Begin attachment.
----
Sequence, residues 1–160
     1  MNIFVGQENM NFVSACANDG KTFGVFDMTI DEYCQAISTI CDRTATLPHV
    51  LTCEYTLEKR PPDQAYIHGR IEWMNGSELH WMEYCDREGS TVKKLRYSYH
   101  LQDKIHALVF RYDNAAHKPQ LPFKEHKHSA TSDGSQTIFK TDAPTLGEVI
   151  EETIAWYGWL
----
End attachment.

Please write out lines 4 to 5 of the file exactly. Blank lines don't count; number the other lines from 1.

   101  LQDKIHALVF RYDNAAHKPQ LPFKEHKHSA TSDGSQTIFK TDAPTLGEVI
   151  EETIAWYGWL